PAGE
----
According to Lesotho’s Bureau of Statistics, the population is relatively young (39.6 percent of the total population), of which there are 403 000 males and 391 940 females. Regarding fertility, the census results show an estimate of 3.2 children per woman. This does not differ much from the estimated
3.5 children per woman as shown in the 2006 census, but is significantly less than the 1976 estimate of 5.4 children per woman.

The Minister of Development Planning, Mr Tlohelang Aumane, has expressed hope that the census results will provide benchmarks against which the performance of the government and the nation may be measured; especially in respect of tracking Lesotho’s implementation of the UN’s Sustainable Development Goals, Agenda 2063, SADC Regional Indicative Strategic Development Plan (RISDP) and other developmental initiatives.

Lesotho has been conducting censuses since 1845, when they consisted of a simple body count. The decennial and scientific census commenced in 1966.

MAIN POPULATIONS

Lesotho’s principal population centres had their beginnings in the administrative ‘camps’ set up during the colonial area. Urban areas gradually formed around these camps as the Basotho came to live there. Most have a nucleus of old colonial sandstone buildings housing government departments, post offices and banks. Modern houses and flats provide residential accommodation in the larger towns, while on the outskirts of rural villages typical Basotho dwellings comprise huts made of earth and stone with thatched or corrugated iron roofs.

Lesotho has ten administrative districts, each with its own capital. The district towns have the same name as the district itself, with three exceptions: Leribe, where the capital is Hlotse; Berea, which has Teyateyaneng as its main town; and Quthing, where the capital is also known as Moyeni. Besides the district towns, there are two more gazetted towns in Lesotho; comprising Maputsoe in Leribe district and Semonkong in Maseru district.

MASERU: With an average population density of 1 931 people per square kilometre and an estimated 267 000 inhabitants, Maseru is home to around half Lesotho’s urban population. The city, which has been the capital of the Basotho nation since 1869, has grown rapidly since independence.

Maseru, whose name means ‘the place of red sandstone’ in Sesotho, lies in a shallow valley in the foothills of the Maloti Mountains. To the west, the Mohokare (Caledon) River marks the border with South Africa, across which the Free State town of Ladybrand may be easily accessed via the Maseru Bridge border post. From here there are good road links to the rest of southern Africa, including the harbour of Durban and the economic hub of Johannesburg, with the latter just an hour away by air from Moshoeshoe I International Airport.

The centre of Maseru, which is presently being upgraded, comprises many older colonial buildings built from local sandstone, as well as some newer structures. Kingsway, the main street, boasts multi-storeyed office blocks, banks and ministerial complexes. It runs from the border crossing, southeast through the centre of town to the central traffic circle, where it splits into two important traffic arteries – the main roads to the north and south. Central landmarks along Kingsway include the former Anglican Church, Resident Commissioner’s House, modern Post Office building and large Roman Catholic Church. Colourful markets and a plethora of informal traders give Maseru an authentically African feel.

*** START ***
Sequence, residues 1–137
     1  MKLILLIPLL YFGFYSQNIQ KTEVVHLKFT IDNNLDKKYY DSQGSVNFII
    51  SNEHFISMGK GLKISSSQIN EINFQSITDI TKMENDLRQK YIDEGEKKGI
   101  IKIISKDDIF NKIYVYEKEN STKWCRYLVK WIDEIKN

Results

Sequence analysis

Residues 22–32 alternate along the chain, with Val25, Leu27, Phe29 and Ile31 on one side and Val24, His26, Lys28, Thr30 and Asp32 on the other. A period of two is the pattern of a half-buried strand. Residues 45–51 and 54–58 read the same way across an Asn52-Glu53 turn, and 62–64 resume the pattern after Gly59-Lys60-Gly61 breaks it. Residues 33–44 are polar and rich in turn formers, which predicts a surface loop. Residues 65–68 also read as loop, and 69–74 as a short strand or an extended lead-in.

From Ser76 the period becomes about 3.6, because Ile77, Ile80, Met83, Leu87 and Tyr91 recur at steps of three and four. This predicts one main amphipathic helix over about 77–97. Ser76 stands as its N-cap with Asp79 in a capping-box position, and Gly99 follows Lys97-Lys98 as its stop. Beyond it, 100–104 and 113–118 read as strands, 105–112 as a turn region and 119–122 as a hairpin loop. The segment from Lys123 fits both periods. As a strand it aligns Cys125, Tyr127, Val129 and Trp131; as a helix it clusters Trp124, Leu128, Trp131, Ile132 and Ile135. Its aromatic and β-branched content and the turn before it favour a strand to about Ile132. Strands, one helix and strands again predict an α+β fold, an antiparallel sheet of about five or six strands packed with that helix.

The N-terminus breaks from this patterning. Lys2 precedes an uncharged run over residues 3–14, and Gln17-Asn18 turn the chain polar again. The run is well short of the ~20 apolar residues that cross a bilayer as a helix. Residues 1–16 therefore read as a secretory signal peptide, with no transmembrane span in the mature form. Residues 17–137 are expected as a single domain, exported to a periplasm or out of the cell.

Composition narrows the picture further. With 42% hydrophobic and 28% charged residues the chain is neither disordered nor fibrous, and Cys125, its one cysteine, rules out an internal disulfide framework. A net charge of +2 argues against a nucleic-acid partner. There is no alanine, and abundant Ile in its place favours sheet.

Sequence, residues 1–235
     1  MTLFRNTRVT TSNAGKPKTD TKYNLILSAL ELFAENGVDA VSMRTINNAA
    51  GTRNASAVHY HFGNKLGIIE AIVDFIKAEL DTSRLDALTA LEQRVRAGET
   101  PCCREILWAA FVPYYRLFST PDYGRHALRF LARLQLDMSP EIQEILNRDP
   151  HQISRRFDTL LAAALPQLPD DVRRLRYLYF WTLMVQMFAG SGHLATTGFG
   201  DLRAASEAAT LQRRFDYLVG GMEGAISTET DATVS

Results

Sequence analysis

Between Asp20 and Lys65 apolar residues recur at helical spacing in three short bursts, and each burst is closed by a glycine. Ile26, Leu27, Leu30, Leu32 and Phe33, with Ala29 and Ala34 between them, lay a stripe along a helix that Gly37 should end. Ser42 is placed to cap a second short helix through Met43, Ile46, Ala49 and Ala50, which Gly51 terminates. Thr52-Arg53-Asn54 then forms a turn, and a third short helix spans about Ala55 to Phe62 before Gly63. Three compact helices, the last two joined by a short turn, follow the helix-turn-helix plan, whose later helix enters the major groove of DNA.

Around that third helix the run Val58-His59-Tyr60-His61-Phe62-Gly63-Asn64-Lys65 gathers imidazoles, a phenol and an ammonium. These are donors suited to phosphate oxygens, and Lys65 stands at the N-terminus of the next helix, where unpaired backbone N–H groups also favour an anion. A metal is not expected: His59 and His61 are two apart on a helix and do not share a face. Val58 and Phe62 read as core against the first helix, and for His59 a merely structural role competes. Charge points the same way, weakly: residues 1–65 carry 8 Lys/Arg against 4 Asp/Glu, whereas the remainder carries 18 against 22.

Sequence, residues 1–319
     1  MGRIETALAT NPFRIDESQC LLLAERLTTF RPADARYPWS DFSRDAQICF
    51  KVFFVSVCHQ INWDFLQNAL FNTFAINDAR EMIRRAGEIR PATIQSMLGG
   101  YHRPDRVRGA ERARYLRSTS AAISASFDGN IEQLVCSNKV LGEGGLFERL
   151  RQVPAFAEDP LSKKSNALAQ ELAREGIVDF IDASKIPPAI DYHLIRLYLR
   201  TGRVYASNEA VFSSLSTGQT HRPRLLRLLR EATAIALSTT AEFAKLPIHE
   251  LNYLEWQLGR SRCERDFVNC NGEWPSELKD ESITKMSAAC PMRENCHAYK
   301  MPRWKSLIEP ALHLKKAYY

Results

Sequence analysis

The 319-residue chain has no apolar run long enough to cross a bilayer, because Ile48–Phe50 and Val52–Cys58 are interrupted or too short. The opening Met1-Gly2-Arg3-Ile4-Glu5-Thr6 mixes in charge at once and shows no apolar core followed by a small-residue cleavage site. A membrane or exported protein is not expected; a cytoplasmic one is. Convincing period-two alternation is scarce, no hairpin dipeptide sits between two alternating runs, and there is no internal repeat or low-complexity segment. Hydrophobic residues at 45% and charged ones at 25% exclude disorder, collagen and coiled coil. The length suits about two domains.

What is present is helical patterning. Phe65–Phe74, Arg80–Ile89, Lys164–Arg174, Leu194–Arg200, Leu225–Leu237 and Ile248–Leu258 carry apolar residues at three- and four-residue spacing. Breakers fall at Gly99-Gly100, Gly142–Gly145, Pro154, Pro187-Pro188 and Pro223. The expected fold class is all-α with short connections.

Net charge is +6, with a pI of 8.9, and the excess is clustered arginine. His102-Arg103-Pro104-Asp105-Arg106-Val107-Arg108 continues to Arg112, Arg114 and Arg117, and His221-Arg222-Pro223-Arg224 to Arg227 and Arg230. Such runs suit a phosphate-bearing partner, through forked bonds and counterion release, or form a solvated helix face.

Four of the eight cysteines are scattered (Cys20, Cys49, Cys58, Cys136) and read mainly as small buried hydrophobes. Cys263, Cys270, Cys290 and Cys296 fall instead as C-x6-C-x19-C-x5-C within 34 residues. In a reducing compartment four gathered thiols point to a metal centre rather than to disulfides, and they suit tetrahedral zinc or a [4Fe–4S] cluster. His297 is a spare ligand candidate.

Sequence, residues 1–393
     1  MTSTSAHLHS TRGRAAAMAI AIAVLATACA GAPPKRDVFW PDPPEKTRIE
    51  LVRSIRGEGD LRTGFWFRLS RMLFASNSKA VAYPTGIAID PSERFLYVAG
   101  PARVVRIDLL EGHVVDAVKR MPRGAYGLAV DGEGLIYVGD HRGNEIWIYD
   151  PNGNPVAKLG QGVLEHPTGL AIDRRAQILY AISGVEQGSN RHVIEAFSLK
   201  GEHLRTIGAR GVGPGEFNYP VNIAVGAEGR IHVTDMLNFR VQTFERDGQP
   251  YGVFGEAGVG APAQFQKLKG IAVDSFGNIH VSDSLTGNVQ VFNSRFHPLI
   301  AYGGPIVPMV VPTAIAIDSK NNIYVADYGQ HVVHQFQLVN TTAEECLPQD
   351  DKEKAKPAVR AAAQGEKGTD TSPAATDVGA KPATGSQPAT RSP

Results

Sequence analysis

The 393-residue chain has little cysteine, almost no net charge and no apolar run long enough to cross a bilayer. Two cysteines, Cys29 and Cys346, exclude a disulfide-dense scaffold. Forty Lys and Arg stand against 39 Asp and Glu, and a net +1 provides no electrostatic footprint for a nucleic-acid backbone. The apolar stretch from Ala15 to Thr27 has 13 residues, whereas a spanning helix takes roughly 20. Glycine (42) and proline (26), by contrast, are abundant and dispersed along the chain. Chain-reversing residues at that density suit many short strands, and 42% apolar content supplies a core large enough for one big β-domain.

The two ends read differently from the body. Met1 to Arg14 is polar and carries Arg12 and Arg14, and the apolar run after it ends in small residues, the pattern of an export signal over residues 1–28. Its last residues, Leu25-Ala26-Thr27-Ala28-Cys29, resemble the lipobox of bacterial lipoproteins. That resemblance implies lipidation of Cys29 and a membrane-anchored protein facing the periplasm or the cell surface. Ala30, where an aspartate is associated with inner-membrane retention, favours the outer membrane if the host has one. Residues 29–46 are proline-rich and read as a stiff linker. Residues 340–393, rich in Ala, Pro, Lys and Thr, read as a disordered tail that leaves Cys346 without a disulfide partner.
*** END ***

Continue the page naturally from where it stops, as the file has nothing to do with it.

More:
Maseru’s amenities include international hotels and restaurants, casinos and entertainment venues, as well as modern state-of-the-art shopping malls, chain stores, supermarkets and stylish boutiques. Opened at the end of 2012, Maseru Mall lies 3 kilometres to the south of the capital’s central business district and offers a cross-section of department stores, financial services, grocery, clothing and homeware outlets, restaurants and takeaways. Dubbed ‘Lesotho’s largest lifestyle shopping mall’, the centre also boasts a popular family entertainment area.

The refurbished Fairways Plaza on Kingsway forms part of the drive by the Lesotho National Development Corporation (LNDC) to rebuild and upgrade those properties affected by the 1998 political unrest. This is seeing a number of prime sites in the capital being made available to the private sector to develop on behalf of Government.

The initiative aims to revitalise Maseru by renovating derelict properties and improving the general appearance of the capital. In addition to the Fairways complex, which will ultimately comprise six storeys, other properties include those at Maseru’s Sanlam Centre site, Clifford Trading along Kingsway, Ha-Nyeye Western and Eastern Extensions in Maputsoe, Setsoto Design in Teyateyaneng, and the former Metro Cash and Carry in Mafeteng.

Important manufacturing activities in Maseru include electronics assembly, textiles and clothing. The state-of-the-art Queen Mamohato Memorial Hospital was opened in Botšabelo in 2011, replacing the Queen Elizabeth II Hospital built in the 1950s. Maseru is also home to Lesotho’s other university, Limkokwing University of Creative Technology (LUCT).

MAZENOD: The site of Moshoeshoe I International Airport, which opened in 1985, Mazenod takes its name from Eugene de Mazenod, founder of the Oblates of Mary Immaculate. Mazenod is major centre of Catholicism in Lesotho, with educational institutions, a printing works and a conference centre. Because of its proximity to Maseru and network of tarred roads, it also has one of the most rapid population growth rates in the country.